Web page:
In the Aberdeen area, you can choose from luxury city center hotels and quirky B&Bs in Old Aberdeen to coastal accommodation and rural castles. If you need to be near the beach, the DoubleTree by Hilton has great sea views. Brentwood Villa is a lovely B&B in Old Aberdeen, while leading 4-star city center options include the modern Rox and the Malmaison Hotel.
Central Aberdeen - Aberdeen's downtown is set back a few hundred yards from the docks and is home to the city's major attractions. Architectural delights like St Mary's Cathedral mingle with museums and galleries in a walkable, elegant urban core.
Aberdeen Beach - although it's not famous as a beach destination, Aberdeen does have a long, sandy beach and a resort atmosphere. The beach is a great place for a summer vacation, with adventure sports centers, amusement parks, and an excellent public golf course, all within a few minutes of the city center.
Old Aberdeen - surprisingly, the city center isn't the oldest part of the city. That's reserved for northern or Old Aberdeen, which is home to the city's university. Possessing a very distinct identity, Old Aberdeen has attractions like the Zoology Museum, medieval chapels, and brick-built ancient streets. It's a magical neighborhood to visit.
Buses are the main form of public transportation in Aberdeen and First Aberdeen and Stagecoach provide a reliable service. Buses run from 5:00 until midnight and cost £2.20 for a single fare (exact change will be needed). Day tickets are also available, and cost £4.
You'll find taxi ranks dotted across the city center, and they are the best place to pick up a ride, as Aberdeen's taxi fleet doesn't have any distinguishing branding. Fares are regulated at £2.40 for the first 950 yards (870 meters), and then there's a charge of £0.20 for every 180.5 yards (165 meters).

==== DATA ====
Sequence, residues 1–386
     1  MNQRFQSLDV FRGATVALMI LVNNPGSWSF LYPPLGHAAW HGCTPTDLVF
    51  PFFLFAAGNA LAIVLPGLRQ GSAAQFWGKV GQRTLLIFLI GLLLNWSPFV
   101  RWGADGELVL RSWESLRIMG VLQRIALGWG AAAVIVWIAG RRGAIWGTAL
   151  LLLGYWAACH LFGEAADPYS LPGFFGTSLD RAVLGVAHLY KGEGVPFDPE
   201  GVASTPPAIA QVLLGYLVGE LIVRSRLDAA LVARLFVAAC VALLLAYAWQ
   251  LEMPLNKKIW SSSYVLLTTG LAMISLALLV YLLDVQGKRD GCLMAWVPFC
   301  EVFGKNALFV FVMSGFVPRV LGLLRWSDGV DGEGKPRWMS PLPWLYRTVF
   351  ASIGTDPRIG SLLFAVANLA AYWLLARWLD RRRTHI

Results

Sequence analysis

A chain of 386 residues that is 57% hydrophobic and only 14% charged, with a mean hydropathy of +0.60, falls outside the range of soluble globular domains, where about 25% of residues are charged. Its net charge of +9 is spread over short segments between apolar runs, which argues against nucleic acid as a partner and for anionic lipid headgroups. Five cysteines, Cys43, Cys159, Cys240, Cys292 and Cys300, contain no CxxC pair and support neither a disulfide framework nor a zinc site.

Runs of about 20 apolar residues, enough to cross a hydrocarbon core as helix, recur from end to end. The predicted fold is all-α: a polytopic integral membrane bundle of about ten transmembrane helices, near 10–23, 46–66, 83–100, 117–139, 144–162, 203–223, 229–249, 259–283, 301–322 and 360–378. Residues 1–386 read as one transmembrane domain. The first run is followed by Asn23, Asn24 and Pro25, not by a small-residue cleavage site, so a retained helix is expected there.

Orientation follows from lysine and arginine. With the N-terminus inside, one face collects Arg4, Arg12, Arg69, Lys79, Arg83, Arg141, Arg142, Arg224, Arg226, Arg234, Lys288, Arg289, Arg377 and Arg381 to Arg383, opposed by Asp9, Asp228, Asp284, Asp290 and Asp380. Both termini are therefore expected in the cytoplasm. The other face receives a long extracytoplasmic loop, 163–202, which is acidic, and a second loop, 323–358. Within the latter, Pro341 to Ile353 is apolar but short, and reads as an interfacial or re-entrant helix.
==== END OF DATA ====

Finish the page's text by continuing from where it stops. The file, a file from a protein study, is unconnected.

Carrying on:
Having a car makes it much easier to explore Royal Deeside and the Malt Whisky Trail, and local rental outlets include Europcar, Avis, and Enterprise. Rates can be as low as £10 per day in some cases, making car rental an excellent transportation option.
Aberdeen has some elegant squares and shopping streets that equal anything in Edinburgh. The city's shopping hub has been Union Street for over a century, which is where you'll find international chains. However, shopping malls like the Trinity Shopping Centre and the Bon Accord & St Nicholas are great alternatives, with plenty of independent stores to check out.
If you need to shop for food or any other groceries, Aberdeen's supermarket selection includes Tesco, Marks & Spencer, John Lewis, Asda, and Sainsbury's. Prices will be fairly high by Scottish standards (it's a rich city), with a gallon of milk costing around £3.20 and 12 eggs £1.80.
Aberdeen has a huge range of gastropubs, brasseries, and international dining options. Some of the best gourmet restaurants include Granite Park, which focuses on seasonal British produce, Cafe Andaluz, which looks to southern Spain for inspiration, and Montmartre, a classy French brasserie. But there are plenty of Japanese, Indian, and Korean eateries around too. A sit down meal at an upmarket place like Granite Park will cost about £25 with two courses included.